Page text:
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Thanks, but no thanks! Why candidates reject a job offer.

You've just spent your energy, time and money on trying to find the perfect candidate for your vacancy, you've finally got an offer out and they've said NO! WHY?

First things first, it's all too easy to get miffed at the candidate or recruitment consultant/agency you are dealing with for this outcome, but it's important you take a good hard look at your recruitment process to fully understand where it's all gone wrong.

According to research, only 46% of employers report making regular improvements to the recruitment process and only 1 out of 4 employers regularly request feedback directly from candidates on their experience. Although this is shockingly poor, it presents a huge opportunity for employers to improve on candidate care and their recruitment structure.

Below I have identified 5 top reasons why candidates reject a job offer and have given some helpful tips in avoiding these common mistakes.

1- Poor recruitment process.

According to CareerArc, 60% of candidates have had a poor candidate experience.

If a candidate is treated poorly during any part of the interviewing process, it's safe to say their perception from there on will be negatively effected. A bad interview experience can include you being late for the interview, turning up to the interview in a bad mood, making the candidate feel interrogated.. the list goes on.

“Remember, from the moment your candidate steps in the door to the moment you, the interviewer, say goodbye, they’re interviewing you just as much as you're interviewing them,” says Denise Dudley,   author of Work It!

If a candidate is not treated with respect, you can bet your bottom dollar they will share their experience with others online. 72% of candidates to be exact.

2-  Lack of communication and feedback.

Too many employers/hiring managers are guilty of this. Communication is key!

You've got to remember that if you want top talent for your team, you are going up against other great companies who also want the same thing. If you don't make your candidate feel special, you are putting yourself on the back foot. Make sure you are giving the candidate interview feedback within 24 hours, the longer you delay giving feedback, the more you are pushing your candidates away. Keeping a good line of communication throughout the process and building that relationship will be sure to win the interest and loyalty of the candidate.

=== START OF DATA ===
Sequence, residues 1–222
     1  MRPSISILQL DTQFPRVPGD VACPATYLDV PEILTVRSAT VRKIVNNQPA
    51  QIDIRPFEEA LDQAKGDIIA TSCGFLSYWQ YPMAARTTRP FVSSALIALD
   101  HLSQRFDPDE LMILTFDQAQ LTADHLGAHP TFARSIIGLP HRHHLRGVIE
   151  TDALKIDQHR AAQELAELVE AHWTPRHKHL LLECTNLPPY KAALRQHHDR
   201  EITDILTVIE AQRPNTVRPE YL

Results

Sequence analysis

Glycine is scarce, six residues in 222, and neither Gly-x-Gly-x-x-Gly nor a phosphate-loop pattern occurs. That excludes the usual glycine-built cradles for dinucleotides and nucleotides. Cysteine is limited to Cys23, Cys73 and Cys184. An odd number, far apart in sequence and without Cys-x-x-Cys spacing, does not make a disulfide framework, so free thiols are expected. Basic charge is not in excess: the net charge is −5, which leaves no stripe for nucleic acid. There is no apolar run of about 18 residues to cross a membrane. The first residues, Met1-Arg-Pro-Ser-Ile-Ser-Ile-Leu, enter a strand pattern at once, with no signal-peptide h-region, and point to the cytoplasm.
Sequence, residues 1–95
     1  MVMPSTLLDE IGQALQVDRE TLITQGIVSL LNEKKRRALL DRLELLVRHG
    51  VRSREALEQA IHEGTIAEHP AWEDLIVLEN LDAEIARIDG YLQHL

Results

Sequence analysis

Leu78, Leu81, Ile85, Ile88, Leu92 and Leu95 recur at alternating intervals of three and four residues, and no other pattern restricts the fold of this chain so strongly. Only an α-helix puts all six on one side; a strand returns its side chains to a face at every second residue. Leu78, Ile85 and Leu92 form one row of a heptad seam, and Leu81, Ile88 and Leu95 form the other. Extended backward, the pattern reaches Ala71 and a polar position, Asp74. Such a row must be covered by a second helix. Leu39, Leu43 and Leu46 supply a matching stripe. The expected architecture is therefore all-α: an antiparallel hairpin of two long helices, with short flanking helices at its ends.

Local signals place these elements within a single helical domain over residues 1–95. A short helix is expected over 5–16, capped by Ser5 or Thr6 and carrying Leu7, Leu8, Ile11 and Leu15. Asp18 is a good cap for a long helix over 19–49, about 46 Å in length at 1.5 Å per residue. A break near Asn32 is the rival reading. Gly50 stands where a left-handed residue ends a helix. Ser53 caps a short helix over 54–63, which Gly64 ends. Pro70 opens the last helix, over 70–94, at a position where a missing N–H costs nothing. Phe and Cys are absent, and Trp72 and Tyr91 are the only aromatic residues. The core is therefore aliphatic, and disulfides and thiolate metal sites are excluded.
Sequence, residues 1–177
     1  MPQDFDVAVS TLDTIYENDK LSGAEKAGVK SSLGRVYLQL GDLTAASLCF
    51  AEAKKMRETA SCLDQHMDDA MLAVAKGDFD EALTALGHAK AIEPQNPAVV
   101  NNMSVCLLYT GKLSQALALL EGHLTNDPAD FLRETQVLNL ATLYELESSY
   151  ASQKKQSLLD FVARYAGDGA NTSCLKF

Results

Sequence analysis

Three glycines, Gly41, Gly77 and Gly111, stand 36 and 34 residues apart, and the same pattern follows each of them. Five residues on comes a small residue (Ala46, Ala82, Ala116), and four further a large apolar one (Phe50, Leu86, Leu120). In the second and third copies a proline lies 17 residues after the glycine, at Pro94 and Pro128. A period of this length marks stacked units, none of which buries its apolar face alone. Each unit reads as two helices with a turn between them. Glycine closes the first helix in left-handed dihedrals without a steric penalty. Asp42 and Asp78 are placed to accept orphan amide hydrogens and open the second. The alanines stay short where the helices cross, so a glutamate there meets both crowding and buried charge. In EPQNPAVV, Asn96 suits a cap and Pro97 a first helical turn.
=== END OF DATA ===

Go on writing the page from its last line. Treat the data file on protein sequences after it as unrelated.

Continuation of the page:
3- The hiring process was too long.

This is a common problem. While it is critical to ensure you are hiring the right person for the job, it’s also important that the hiring process doesn't take longer than it should. The recommended timeframe for this is between 2-4 weeks (dependent on the role and level of seniority.)

According to Glassdoor "Have a clear idea of what the ‘ideal candidate’ looks like before starting the search, and be ready to pull the trigger if/when that person surfaces— even if they’re the first candidate."

4- The offer itself.

Offers are tricky and if done wrong will result in a rejection. In the candidate's eyes, the offer you make will be reflective of how you value him/her and and their experience. If you fail to put a strong offer together or low ball an offer, you can guarantee the candidate will be offended and frustrated. Once the damage is done, there's no going back. Be sure to clarify salary expectations at the beginning of the process, seek advice from the recruitment agency you are working with and let them handle the negotiation process.

5- Better counter offers.

Unfortunately you won't always be able to beat a counter offer but being prepared and asking the right questions throughout the process will better equip you should a counter offer arise. It’s also worth asking the caniddate from the get go if they would stay with their current company if their salary or benefits were improved. Always qualifying the candidate throughout the process will be key in avoiding any nasty surprises at the end.

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